The growing mental health needs of students within schools have resulted in teachers increasing their involvement in the delivery of school-based, psychosocial interventions.
Current research reports mixed findings concerning the effectiveness of psychosocial interventions delivered by teachers for mental health outcomes. This article presents a systematic review and meta-analysis that examined the effectiveness of school-based psychosocial interventions delivered by teachers on internalizing and externalizing outcomes and the moderating factors that influence treatment effects on these outcomes.
Nine electronic databases, major journals, and gray literature (e.g., websites, conference abstract) were searched and field experts were contacted to locate additional studies. Twenty-four studies that met the study inclusion criteria were coded into internalizing or externalizing outcomes and further analyzed using robust variance estimation in meta-regression. Both publication and risk of bias of studies were further assessed.
The results showed statistically significant reductions in students' internalizing outcomes (d = .133, 95% CI [.002, .263]) and no statistical significant effect for externalizing outcomes (d = .15, 95% CI [-.037, .066]). Moderator analysis with meta-regression revealed that gender (%male, b = -.017, p < .05), race (% Caucasian, b = .002, p < .05), and the tier of intervention (b = .299, p = .06) affected intervention effectiveness.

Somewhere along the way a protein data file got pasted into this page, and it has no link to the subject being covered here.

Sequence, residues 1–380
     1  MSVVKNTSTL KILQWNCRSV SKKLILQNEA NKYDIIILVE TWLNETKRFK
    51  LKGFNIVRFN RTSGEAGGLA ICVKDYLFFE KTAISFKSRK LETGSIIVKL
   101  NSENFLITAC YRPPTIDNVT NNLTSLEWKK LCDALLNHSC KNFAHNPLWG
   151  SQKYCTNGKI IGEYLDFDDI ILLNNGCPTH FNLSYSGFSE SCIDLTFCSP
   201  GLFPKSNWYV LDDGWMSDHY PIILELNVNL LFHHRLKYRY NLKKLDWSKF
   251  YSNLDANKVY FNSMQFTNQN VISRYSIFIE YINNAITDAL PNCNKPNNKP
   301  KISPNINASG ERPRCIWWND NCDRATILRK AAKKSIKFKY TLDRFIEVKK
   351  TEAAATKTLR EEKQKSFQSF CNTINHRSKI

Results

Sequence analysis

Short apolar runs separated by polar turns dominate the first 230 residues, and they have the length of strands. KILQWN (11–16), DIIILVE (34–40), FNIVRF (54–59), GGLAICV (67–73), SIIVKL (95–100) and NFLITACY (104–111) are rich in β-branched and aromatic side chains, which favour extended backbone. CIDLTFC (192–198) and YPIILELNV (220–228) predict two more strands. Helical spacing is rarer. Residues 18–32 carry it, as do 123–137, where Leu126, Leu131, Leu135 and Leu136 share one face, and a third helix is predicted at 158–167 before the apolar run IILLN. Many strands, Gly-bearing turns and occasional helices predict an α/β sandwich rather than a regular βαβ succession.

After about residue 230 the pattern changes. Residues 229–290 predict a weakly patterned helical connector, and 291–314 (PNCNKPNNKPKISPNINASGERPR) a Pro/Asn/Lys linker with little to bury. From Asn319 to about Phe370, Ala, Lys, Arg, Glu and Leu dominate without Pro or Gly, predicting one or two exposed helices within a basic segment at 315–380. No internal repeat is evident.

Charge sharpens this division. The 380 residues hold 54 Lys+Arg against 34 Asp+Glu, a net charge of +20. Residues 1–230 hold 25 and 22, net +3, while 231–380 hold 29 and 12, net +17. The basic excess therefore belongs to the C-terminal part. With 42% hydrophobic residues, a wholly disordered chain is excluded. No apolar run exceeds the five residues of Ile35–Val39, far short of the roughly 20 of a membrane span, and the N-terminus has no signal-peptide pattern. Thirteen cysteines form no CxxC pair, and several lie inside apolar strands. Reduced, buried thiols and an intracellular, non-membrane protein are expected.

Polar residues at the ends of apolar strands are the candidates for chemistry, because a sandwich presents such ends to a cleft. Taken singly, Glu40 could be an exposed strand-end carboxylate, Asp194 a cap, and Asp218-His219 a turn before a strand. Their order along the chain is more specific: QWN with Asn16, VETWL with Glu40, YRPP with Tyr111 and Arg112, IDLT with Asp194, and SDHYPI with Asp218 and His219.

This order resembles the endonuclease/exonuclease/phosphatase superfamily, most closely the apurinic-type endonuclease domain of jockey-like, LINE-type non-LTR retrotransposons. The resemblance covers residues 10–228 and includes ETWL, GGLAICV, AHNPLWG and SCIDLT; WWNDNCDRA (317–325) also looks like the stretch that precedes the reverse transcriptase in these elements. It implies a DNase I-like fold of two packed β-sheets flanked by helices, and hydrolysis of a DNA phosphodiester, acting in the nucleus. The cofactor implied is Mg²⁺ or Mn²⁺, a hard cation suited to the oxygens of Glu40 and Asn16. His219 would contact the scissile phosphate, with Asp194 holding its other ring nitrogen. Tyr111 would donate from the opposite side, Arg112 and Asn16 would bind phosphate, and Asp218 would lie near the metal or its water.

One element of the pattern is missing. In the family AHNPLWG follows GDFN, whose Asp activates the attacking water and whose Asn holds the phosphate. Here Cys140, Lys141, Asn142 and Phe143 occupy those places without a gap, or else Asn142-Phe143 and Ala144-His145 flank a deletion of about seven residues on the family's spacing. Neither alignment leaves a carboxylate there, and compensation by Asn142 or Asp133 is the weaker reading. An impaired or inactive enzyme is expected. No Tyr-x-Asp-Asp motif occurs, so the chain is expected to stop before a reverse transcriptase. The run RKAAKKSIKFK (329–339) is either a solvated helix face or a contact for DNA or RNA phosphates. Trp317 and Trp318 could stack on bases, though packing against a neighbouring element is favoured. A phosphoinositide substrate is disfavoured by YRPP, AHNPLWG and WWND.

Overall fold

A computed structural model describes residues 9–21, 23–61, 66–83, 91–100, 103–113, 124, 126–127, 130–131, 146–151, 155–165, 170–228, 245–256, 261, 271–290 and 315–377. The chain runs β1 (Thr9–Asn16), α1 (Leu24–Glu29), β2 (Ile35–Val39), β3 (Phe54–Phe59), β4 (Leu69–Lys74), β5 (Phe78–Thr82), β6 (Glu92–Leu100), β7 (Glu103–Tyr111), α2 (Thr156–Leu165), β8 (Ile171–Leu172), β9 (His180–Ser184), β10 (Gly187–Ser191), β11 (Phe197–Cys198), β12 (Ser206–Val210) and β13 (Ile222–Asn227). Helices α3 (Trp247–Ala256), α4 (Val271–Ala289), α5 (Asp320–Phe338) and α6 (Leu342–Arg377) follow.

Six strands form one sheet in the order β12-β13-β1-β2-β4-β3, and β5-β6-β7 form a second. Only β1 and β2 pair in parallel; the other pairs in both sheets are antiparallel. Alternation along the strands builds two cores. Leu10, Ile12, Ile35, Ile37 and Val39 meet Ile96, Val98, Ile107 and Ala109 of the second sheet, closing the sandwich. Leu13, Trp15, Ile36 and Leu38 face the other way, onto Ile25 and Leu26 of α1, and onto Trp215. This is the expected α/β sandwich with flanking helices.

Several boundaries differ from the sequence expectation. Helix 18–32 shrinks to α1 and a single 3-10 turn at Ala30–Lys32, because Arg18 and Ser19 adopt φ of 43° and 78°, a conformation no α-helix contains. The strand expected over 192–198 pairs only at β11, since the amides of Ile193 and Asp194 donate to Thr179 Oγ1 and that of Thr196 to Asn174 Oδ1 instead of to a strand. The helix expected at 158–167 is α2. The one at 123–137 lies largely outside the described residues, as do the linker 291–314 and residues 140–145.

This study builds on existing literature that shows that teacher-delivered Tier 1 interventions are effective interventions but also adds to this literature by showing that interventions are more effective with internalizing outcomes than on the externalizing outcomes. Moderator analysis also revealed treatments were more effective with female students for internalizing outcomes and more effective with Caucasian students for externalizing outcomes.
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